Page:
Doctor Who actor Christopher Eccleston has broken his silence on the eating disorder that “imprisoned” him in an emotional new interview.
The star had revealed in his 2019 autobiography I Love The Bones Of You that he’d battled a mental health breakdown and thoughts of suicide, and that he was also living with anorexia and body dsymorphia.
However, he’s never found it easy to share the details of his “imprisoning” eating disorder – and the star, who eats “normally” these days, reflected solemnly on his relationship with food.
He told The Guardian of his book launch: “I was still quite ill [when it was released]. I’ve only just realised that it’s taken until probably this spring to put that behind me. I was still very much in recovery.”
The star explained that his experience of anorexia was like being “in hell” due to the obsessive cravings he developed for food which he could not bring himself to eat.
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“Every minute, all you think about is food – the consumption of, the rejection of. You don’t think about anything else,” he lamented.
However, Christopher added that he is moving on from those dark days, learning to “accept my imperfections” and is becoming “happy and excited about life”.
The former 28 Days Later star explained that life in the intensely image-conscious showbiz world is now “not as hard as it was” for him in the past.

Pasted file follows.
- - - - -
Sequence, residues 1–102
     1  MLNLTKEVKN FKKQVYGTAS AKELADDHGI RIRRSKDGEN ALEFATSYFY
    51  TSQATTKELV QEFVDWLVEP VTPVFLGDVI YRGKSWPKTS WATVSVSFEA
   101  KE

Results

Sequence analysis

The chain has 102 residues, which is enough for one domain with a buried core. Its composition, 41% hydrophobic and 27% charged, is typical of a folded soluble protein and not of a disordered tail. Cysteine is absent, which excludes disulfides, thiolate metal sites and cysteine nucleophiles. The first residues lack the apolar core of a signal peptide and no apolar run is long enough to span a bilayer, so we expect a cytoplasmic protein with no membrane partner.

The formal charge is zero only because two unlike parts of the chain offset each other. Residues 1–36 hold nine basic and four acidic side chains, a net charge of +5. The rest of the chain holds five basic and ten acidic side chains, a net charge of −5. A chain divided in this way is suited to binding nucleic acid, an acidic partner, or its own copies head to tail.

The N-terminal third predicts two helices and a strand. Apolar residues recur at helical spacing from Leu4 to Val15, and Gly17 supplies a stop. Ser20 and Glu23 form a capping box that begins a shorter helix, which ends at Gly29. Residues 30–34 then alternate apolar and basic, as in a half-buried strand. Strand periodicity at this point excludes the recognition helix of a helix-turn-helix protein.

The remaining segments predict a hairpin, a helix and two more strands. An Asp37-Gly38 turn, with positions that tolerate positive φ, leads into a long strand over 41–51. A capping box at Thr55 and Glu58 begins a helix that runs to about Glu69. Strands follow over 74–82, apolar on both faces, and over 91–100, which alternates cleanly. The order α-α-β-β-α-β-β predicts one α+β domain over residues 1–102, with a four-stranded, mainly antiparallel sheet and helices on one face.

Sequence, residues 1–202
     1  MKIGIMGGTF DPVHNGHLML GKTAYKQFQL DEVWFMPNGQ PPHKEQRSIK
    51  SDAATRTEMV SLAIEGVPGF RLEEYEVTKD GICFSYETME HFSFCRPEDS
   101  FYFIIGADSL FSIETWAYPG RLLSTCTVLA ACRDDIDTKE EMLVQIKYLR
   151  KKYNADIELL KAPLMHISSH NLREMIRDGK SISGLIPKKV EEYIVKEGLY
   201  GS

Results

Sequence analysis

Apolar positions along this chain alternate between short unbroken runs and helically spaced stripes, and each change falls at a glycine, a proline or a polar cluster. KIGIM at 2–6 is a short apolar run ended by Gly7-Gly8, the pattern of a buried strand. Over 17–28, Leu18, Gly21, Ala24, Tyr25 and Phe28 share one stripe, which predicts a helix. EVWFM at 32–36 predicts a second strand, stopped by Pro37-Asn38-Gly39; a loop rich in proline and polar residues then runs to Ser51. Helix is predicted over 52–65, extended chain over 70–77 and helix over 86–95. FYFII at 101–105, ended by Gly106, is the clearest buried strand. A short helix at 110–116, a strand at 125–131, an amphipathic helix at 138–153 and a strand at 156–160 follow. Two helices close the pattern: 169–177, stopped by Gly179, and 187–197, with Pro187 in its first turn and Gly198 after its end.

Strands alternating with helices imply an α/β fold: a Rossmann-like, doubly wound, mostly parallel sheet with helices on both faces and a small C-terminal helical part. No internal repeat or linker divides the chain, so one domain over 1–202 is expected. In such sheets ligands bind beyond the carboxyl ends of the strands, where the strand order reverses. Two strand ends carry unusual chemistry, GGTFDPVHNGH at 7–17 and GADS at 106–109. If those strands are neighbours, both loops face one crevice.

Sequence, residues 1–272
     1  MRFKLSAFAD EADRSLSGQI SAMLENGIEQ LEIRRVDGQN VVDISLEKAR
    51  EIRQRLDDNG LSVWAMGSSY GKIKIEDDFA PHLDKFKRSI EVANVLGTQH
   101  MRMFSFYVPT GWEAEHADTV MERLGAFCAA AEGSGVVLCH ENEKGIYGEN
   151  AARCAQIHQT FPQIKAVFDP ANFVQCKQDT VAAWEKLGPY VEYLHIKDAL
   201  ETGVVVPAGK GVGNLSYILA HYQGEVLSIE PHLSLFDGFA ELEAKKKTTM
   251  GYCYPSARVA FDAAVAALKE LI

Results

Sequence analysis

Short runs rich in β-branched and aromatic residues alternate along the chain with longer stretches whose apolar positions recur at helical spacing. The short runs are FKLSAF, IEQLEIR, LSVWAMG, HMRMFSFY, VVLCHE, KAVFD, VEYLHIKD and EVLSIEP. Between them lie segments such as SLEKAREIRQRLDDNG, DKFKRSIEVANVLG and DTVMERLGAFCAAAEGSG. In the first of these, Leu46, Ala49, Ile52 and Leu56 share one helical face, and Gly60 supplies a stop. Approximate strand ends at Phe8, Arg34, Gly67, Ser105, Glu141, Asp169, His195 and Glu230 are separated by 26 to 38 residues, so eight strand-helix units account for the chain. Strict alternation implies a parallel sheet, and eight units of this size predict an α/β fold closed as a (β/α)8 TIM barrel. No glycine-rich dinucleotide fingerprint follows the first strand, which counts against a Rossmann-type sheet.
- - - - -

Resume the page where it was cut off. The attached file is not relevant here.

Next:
“Certainly there was a lot of life-denying before. The eating disorder was imprisoning. Being in an industry and feeling like you shouldn’t be in it was imprisoning,” he continued.
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“I don’t want anybody feeling sorry for me, but it felt quite solitary.”
Christopher says that his eating has now stabilised and while he believes he exercises more than most people his age, getting on the move has been a huge boost to his mental health.
He addressed his previous reluctance to open up about it, explaining that as a male Northerner from a working class background, he felt he was “not supposed” to talk about his feelings.
He has opted not to watch any of his performances, in case it triggers him to analyse his body shape and general appearance – something he has resolved to stop doing.
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Following the collapse of his relationship with his ex-wife Mischka, whom he ended up divorcing in a hearing that took just two minutes, Christopher became unwell and was hospitalised.
Disordered eating is something he admits he has struggled with for most of his life.
However, the tide is now changing for him – and Christopher will appear at London’s Old Vic Theatre between November 11 and January 6 to take on the role of Ebenezer Scrooge in Matthew Warchus’ adaption of A Christmas Carol.
If you’re worried about your health or the health of somebody else, you can contact SEED eating disorder support service on 01482 718130 or on their website. https://seedeatingdisorders.org.uk/
Samaritans (116 123) also operates a 24-hour service available every day of the year. Alternatively, you can find more information on the Samaritans website: https://www.samaritans.org/
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